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Scientists to Test Joan of Arc 'Relics'

A group of scientists in France hope to shed light on a centuries-old mystery: Whether fragments of skin and bone may belong to 15th-century French heroine Joan of Arc.

The charred fragments, including a blackened rib, are said to have been recovered from the stake where Joan of Arc was burned in 1431. The farm girl from the Champagne region helped mount a campaign against the English in Orleans, after hearing celestial voices that she would be the country's savior in the Hundred Year's War. But not long after, she was captured and ransomed to the English, and condemned of heresy and witchcraft in a politically motivated trial.

Now, scientists from the Raymond-Poincare hospital near Paris will conduct a series of tests to determine whether the alleged remains really belong to the young, French heroine. Philippe Charlier heads the team of forensic experts doing the tests.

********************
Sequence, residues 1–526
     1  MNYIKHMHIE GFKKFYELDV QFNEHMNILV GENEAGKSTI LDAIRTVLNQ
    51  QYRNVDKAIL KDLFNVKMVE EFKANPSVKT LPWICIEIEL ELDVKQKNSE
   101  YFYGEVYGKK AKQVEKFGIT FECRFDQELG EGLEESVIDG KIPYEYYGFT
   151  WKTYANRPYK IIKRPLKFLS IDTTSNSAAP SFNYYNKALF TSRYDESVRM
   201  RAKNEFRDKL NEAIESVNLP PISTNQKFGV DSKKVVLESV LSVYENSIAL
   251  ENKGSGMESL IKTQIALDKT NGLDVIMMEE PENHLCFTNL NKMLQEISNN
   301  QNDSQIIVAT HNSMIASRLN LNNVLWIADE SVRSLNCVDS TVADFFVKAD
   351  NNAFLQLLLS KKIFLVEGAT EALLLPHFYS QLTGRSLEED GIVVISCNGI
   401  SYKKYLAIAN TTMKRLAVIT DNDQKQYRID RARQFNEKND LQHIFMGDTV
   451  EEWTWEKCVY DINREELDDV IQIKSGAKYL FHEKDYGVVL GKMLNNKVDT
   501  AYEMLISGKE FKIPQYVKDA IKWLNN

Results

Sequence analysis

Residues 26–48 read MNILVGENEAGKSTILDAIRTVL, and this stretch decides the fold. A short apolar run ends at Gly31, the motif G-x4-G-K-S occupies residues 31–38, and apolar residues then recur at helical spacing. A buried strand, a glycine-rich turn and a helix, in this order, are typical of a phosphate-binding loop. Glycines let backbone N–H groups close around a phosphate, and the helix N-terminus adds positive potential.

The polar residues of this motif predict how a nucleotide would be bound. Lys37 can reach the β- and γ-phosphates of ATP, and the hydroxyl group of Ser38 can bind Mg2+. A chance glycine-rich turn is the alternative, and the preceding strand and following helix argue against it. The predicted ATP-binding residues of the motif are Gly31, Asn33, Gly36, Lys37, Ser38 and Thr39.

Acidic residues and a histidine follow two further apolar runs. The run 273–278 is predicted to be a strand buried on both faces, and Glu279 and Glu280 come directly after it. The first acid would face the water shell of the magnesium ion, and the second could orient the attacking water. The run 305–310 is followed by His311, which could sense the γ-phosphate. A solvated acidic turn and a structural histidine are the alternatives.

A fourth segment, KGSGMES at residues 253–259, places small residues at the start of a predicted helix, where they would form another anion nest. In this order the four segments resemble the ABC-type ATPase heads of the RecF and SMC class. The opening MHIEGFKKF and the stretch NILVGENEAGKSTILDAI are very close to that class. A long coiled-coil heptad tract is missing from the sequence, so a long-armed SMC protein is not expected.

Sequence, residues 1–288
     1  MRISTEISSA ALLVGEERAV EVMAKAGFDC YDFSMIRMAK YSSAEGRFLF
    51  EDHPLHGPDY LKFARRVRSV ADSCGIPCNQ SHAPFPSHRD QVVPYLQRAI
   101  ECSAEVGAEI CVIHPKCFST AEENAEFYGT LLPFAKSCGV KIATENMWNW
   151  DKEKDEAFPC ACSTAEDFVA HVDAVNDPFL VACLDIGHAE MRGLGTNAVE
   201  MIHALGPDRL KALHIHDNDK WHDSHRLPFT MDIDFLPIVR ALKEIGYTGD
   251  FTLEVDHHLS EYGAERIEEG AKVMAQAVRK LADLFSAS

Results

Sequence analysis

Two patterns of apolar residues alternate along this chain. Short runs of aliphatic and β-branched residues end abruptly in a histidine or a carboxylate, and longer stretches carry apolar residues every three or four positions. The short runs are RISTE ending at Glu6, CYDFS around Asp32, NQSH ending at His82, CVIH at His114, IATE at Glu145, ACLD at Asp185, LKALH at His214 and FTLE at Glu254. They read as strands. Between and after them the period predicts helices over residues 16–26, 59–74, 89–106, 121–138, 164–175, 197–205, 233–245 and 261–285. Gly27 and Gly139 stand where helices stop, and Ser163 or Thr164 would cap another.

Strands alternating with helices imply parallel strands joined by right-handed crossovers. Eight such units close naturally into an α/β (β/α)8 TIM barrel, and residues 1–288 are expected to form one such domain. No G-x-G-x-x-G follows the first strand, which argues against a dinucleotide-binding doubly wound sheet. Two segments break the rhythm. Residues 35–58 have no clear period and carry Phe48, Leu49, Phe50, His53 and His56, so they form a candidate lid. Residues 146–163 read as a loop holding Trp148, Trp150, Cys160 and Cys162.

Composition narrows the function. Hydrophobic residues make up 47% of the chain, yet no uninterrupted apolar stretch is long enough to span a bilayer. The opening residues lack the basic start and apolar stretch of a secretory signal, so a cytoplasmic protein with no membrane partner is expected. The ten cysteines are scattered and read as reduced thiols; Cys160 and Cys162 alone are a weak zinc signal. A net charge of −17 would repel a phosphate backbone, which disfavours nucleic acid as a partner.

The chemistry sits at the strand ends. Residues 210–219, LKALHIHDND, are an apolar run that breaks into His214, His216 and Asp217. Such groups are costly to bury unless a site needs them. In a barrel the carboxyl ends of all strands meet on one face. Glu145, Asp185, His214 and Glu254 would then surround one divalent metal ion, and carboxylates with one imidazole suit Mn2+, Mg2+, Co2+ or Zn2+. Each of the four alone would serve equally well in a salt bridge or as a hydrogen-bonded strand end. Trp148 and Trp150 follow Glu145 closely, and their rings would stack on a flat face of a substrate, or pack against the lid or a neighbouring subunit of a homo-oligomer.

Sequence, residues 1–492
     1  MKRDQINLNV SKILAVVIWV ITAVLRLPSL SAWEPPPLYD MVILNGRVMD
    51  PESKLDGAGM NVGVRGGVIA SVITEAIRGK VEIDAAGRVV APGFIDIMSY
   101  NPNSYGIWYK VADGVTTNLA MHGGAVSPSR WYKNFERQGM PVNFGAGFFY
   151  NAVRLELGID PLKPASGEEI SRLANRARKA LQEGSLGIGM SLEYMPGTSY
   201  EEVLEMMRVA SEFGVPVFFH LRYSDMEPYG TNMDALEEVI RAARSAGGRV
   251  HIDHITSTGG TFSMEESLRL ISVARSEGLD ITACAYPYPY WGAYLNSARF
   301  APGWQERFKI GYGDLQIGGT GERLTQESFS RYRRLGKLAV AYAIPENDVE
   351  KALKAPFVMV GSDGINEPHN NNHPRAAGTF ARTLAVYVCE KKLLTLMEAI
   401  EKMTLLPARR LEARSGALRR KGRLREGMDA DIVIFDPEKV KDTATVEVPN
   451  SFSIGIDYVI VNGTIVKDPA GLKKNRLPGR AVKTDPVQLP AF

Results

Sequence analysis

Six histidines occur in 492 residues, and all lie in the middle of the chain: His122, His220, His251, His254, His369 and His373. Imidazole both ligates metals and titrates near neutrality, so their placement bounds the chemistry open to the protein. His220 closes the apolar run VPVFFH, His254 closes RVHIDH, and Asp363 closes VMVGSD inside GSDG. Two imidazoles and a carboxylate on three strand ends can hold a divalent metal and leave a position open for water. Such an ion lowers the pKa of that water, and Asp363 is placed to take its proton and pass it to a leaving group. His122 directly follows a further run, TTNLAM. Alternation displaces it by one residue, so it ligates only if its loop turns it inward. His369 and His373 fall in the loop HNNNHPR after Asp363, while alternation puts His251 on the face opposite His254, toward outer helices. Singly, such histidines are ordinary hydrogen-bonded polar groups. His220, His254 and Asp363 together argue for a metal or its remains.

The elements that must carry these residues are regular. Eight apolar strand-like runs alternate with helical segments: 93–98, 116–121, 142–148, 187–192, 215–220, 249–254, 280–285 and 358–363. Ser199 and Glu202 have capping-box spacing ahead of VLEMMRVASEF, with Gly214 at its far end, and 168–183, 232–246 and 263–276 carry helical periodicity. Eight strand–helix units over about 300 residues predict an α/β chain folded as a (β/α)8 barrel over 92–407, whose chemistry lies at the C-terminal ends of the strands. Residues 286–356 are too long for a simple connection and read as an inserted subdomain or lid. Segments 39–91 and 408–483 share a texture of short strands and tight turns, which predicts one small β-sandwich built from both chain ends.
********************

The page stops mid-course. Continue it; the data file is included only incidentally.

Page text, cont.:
Charlier told French radio that even if the tests determine the remains are likely those of Joan of Arc, they won't reveal much about her. At best, they will determine the type of wood that was used to burn her, and the material of the clothing she wore. But he says they should be able to show - more or less - whether the remains are those of Joan of Arc.

Those remains were kept for a while by a French apothecary, who later turned them over to the archdiocese of Tours. In 1909, scientists declared it highly likely they belonged to Joan of Arc. That same year, she was beatified. In 1920, the she was made a saint.

But Roman Catholic authorities in Tours are casting doubt on the forensic research.

Bertrand Vincent, spokesman for the Tours archdiocese, said it was unlikely the scientists could prove irrefutably that the rib and other remains belonged to Joan of Arc. In a telephone interview, he said the Roman Catholic church would need 100 percent proof for it to embark on any effort to get the remains classified as religious relics.

Scientist Charlier seems to enjoy solving French historical mysteries. Last year, he was apparently able to prove that the mistress of 15th-century King Charles VII died from mercury poisoning - although it's unclear whether she was murdered. He says the research can also be applied to 21st-century mysteries - such as identifying victims of murders or fires.